There’s been a cheerful resurgence of mid-century style of late. Teak legs give footing to every base imaginable, color-blocking and geometric shapes lend interest to the simplest structure, and the landscape of home design is generously sprinkled with atomic pop. A peak of taste that I find, personally, delightful. Something about that era’s aesthetic, with its sleek lines, jazzy pallets and relaxed decor – conjures images of swimming pools and bossa nova in some distant eternal summer.
I just love it.
Our little house was quickly constructed among thousands of other cookie-cutter homes, in 1951. The area was experiencing a sudden flux of population and many single-family homes were plopped on new roads that paved newly manufactured neighborhoods. At the time, our home was a standard construction home – utterly unremarkable. Now that several decades have past, however, I find what was once merely “standard” at the time, absolutely charming at present. Original chrome accents pepper our kitchen, the whole house is floored with wood, and living spaces enjoy plenty of over-sized windows. Aesthetically, it’s comfortable and very much – a home to be lived in.
We’ve been prudent, throughout our repairs, updates, and salvaging – to respect the integrity of this, once common, aesthetic. Careful not to abate the original era in favor of modern-day sterility and flashiness, we’ve gently tailored anything “new” to the timelessness of the home’s design. It’s not as if its a work of art, or some heritage home that necessitates preservation – in fact, it’s not much of an imaginative home to begin with. But, the fact remains, we wouldn’t dare compromise it’s simplicity.
But more than its neutral openness, quaint kitchen, and covered patio – I love what this house, and most of the homes from this era, represent:
This home was marketed to some working-class couple with children, in a time where men provided, women nurtured, and family life flourished in its own security. A large fenced backyard assumed there were children that would need to play, a kitchen window faces the back so that, naturally, the mother in the kitchen could supervise said play while she worked, bedrooms were small and intended for sleeping – not isolation, and open living spaces permitted more community without the former restrictions of heat retention. Every part of this house was designed to elevate family life from the labor of centuries past to a dazzling future that promised convenience and luxury all within your living room.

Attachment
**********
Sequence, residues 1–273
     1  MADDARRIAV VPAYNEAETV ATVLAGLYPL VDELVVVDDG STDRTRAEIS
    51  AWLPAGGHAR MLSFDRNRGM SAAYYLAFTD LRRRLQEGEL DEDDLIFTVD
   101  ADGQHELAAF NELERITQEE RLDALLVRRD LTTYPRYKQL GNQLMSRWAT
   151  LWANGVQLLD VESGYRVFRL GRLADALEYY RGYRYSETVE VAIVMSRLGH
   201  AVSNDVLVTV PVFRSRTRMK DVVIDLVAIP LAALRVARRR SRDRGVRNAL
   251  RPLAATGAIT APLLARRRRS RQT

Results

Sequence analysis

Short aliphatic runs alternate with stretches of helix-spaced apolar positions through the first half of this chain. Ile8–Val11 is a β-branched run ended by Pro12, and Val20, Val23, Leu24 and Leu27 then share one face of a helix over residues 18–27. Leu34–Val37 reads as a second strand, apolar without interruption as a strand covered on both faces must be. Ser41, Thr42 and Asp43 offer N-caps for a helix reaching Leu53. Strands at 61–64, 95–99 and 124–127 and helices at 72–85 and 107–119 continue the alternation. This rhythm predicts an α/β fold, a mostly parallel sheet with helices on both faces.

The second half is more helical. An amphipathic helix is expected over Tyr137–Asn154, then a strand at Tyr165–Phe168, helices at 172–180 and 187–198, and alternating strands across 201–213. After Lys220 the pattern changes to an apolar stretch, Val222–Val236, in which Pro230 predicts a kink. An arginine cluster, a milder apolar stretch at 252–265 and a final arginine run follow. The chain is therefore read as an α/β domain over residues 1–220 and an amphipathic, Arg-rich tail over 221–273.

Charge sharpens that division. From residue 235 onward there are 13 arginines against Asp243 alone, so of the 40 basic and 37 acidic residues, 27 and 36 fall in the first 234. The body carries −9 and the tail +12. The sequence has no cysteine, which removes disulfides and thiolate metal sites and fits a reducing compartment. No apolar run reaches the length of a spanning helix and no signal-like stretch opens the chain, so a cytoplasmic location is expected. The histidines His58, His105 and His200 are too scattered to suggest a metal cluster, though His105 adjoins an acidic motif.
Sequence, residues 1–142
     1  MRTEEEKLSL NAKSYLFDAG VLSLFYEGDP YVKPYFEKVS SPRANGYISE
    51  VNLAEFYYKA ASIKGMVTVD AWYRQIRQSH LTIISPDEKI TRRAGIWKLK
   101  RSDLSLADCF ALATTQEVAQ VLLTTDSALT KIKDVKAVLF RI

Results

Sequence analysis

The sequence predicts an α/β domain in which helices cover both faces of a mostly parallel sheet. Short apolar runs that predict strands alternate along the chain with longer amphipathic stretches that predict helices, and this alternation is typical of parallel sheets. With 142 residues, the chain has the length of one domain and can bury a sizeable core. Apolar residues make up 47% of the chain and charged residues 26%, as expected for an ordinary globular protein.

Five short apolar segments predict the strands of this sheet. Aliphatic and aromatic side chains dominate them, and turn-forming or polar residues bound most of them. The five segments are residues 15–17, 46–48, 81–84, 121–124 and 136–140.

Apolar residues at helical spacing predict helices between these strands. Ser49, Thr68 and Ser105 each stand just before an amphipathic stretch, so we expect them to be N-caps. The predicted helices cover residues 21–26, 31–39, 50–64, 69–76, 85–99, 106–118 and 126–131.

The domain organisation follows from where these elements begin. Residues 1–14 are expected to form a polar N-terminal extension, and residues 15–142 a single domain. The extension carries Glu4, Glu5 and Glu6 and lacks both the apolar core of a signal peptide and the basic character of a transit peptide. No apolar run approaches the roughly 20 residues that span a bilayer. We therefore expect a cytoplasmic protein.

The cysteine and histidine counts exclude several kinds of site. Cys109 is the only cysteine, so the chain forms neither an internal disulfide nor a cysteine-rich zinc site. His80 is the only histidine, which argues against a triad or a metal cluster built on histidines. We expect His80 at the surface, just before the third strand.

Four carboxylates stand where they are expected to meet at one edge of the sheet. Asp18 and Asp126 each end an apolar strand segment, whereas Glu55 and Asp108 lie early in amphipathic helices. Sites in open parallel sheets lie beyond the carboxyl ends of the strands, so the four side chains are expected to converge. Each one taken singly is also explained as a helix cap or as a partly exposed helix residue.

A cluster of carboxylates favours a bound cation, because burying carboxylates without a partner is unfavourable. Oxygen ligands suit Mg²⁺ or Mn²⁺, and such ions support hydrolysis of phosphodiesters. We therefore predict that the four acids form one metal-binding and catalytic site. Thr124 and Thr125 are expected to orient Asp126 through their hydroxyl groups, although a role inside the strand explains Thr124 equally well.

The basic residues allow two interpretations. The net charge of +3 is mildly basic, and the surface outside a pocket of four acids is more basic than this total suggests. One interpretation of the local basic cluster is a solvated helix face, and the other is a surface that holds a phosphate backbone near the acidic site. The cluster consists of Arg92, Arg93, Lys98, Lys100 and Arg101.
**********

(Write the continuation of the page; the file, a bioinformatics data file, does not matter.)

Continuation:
What a golden moment of history it must have been too! On the other side of the traumatic first half of the century, darkened by depression and global conflict, the 1950’s must have glittered with hope and imagination as a nation reached for a future capable of overcoming decades of suffering. From the other side, it was a window that would briefly glisten before the onset of a new ideology would descend, cheapening all that was once glorified. The 1950’s was a last hurrah before the culture of the Sexual Revolution polluted feminine virtue, at a great expense to family life.
I’m perfectly aware that I’ve romanticized an entire era – probably unfairly. I’ll admit, I’m an unabashed Mad Men fan. I love the fashion, the art, the music, and I ache for a time untouched by the digital age. But I’m also aware that real families never resembled those Technicolor ads. Marriages fell apart then too. There was oppression, cruelty, and pain, and moms hollered at their kids through the window just as I do now.
I’ll never know what this house meant when it was new, who inhabited it, or how their reality compared with my fantasy.
I wasn’t there.
But at the end of the day, as I hang up my apron in the kitchen – in a built-in closet just for aprons – I wish I had been.